When I went to university, I started playing in old rock bands. A friend of mine showed me a lot of old cool music. Then, I started learning to play the guitar and played it for many years. After that, I came to Vietnam and started meeting other musicians. We just started playing together and writing songs. That’s how it started.

What is so special about rock music to you?
I also like a lot of pop music and other genres. But I think rock is more energetic. Maybe a lot of pop songs are just about love. A lot of rock songs explore different ideas.

What do you think about the rock music scene in Vietnam?
There are a lot of really talented musicians. The rock bands in Vietnam and their technical ability on the instruments is higher than what I am used to. If people are going to do it, they tend to be the best at it.
I also think the music is flashier. If you are good, you want to show how good you are; that is what a lot of people do. The songs are sometimes a chance to show off, and you would not necessarily get that in the music. Where I am from, it is a bit lazier.

Is this a difference between Vietnamese performers and Westerners?
It is an East versus West thing as well. In the East, you have got to be the best and you are going to work a bit harder than in the West, where you get by on confidence.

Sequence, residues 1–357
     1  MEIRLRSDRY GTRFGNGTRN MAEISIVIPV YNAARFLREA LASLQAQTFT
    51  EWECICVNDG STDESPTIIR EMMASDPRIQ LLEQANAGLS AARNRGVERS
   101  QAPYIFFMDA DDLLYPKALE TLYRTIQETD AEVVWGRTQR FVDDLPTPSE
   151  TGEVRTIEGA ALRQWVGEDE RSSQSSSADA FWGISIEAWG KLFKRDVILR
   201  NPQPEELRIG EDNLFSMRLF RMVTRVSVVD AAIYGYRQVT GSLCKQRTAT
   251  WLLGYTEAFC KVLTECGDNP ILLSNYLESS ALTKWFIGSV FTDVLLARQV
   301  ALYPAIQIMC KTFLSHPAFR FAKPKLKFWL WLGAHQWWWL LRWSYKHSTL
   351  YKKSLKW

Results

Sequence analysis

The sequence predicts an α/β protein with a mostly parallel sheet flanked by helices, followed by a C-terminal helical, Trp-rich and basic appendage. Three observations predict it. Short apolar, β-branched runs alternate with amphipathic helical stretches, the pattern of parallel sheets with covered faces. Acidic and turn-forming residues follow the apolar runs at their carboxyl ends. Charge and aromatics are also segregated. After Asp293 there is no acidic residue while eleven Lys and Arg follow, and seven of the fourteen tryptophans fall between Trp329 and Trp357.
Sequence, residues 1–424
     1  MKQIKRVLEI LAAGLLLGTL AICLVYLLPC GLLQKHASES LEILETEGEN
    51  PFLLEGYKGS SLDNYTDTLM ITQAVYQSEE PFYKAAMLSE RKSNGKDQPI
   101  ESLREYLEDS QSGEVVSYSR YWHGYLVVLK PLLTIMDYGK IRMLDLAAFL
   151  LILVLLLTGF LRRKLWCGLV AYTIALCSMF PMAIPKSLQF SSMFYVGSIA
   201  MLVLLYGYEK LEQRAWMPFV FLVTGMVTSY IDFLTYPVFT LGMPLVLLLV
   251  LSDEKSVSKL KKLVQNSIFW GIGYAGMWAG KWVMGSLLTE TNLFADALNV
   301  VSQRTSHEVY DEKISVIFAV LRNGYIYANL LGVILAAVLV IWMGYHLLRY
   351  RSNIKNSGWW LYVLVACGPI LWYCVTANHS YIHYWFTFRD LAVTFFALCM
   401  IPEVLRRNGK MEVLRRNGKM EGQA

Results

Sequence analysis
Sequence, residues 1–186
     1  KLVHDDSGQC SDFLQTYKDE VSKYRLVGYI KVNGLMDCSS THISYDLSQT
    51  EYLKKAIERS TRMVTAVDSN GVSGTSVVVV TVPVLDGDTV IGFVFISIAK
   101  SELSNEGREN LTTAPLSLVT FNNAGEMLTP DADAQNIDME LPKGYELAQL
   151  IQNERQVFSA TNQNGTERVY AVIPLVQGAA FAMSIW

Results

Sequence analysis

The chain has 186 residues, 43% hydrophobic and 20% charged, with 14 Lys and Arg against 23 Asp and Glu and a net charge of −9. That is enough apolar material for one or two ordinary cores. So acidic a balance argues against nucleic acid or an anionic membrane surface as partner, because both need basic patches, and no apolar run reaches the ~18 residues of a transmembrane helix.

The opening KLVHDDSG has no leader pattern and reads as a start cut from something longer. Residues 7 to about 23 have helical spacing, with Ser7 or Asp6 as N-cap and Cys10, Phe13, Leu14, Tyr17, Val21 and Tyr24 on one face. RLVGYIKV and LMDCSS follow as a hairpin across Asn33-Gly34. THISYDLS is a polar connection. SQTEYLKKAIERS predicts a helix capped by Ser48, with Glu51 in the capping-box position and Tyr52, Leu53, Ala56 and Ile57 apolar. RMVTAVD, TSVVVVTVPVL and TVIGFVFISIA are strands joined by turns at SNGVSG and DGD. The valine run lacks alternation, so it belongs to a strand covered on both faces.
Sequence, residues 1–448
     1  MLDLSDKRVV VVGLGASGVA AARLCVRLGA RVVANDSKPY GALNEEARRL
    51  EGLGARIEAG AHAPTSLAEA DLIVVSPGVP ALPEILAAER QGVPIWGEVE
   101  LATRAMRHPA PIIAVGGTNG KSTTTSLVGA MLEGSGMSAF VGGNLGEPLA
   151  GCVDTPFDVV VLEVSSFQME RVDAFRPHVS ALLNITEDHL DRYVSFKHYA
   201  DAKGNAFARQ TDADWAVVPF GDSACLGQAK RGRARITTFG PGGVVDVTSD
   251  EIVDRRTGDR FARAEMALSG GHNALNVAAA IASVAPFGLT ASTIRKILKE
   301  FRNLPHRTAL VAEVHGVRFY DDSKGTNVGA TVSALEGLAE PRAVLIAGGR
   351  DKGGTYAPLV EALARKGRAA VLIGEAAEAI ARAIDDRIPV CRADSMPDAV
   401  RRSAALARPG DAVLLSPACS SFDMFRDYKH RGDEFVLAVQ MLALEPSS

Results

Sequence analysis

Do you think a lot of people shy away from rock music because it is a bit too harsh?
The content is often similar to pop music. It can be about love, heartbreak, etc., like in pop music. But it is just the style of the music and singing that is different. It can be more powerful.
A lot of genres of music are what we might call niche genres. Fewer people like it. It is not quite as mainstream, but the people who like it, really like it. You find that also with rap music sometimes, and especially jazz, and some of these other genres.

Apart from singing rock, do you also compose it?
I do. I learned to compose on my own. Generally speaking, the songs are very similar in composition to a pop song. You’d have the same aspects like a verse, chorus, and then maybe a guitar solo.

Have you ever heard about the traditional songs in Vietnam called Bolero?
Yes, it is nice. The music is nice and there are very good singers.